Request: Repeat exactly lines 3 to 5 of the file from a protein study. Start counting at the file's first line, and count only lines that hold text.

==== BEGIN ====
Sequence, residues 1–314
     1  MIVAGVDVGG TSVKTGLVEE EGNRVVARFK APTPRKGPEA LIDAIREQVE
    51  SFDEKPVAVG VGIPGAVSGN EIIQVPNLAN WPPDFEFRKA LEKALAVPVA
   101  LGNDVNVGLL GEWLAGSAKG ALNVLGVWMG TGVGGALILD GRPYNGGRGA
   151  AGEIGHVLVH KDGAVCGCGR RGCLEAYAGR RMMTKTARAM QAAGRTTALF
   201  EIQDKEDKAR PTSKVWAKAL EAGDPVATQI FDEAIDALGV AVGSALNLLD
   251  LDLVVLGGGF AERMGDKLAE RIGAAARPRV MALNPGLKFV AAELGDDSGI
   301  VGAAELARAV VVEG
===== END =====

    51  SFDEKPVAVG VGIPGAVSGN EIIQVPNLAN WPPDFEFRKA LEKALAVPVA
   101  LGNDVNVGLL GEWLAGSAKG ALNVLGVWMG TGVGGALILD GRPYNGGRGA
   151  AGEIGHVLVH KDGAVCGCGR RGCLEAYAGR RMMTKTARAM QAAGRTTALF